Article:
Rooks v. Planet Airways, Inc., ARB No. 04-092, ALJ No. 2003-AIR-35, slip op. at 4 (ARB June 29, 2006).

49 U.S.C.A. § 42121(a).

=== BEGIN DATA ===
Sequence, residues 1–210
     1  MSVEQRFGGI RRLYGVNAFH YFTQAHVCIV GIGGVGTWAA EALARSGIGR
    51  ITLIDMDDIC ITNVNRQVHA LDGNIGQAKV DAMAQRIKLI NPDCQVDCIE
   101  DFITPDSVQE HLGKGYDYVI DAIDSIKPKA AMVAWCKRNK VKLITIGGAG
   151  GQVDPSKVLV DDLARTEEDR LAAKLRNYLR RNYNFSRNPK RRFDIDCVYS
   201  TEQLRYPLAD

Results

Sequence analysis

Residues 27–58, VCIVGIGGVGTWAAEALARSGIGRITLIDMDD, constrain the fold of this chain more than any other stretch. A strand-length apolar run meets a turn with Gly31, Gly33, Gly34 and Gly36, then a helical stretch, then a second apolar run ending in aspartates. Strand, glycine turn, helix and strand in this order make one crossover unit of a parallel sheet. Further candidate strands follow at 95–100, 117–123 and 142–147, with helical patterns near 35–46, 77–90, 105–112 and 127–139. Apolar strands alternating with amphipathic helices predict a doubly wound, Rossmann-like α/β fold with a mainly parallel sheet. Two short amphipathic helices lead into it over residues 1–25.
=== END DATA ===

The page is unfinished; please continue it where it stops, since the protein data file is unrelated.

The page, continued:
regulation, or standard of the Federal Aviation Administration or any other provision of Federal law relating to air carrier safety under this subtitle [subtitle VII of title 49 of the United States Code] or any other law of the United States . . . .11 To prevail in an AIR 21 case, a complainant like Hirst must demonstrate that: (1) he engaged in protected activity; (2) his employer knew that he engaged in the protected activity; (3) he suffered an unfavorable (“ adverse” personnel action; and (4) the ) protected activity was a contributing factor in the unfavorable personnel action.12 If Hirst proves that SEAL violated AIR 21, he is entitled to relief unless SEAL demonstrates by clear and convincing evidence that it would have taken the same unfavorable action in the absence of the protected activity.13 Protected Activity The ALJ found that Hirst raised safety concerns with Malone on September 29, 2002, when he questioned the legality of flying the airplane at the increased weight of 108,000 pounds. He found that Hirst reasonably believed that piloting Flight 566 would violate an FAA regulation.14 Therefore, he found that Hirst engaged in activity that AIR 21 protects. D. & O. at 8. Substantial evidence supports this finding. Thus, we accept it. Moreover, SEAL does not contest this finding. Adverse Action The ALJ found that SEAL discharged (“ terminated” Hirst on September 29, ) 2002, when Malone told him to turn in his manuals and identification, repeatedly told him that he was off the payroll, and denied him transportation back to his home base in St. Petersburg. D. & O. at 10-11.15 SEAL argues that the record demonstrates that it did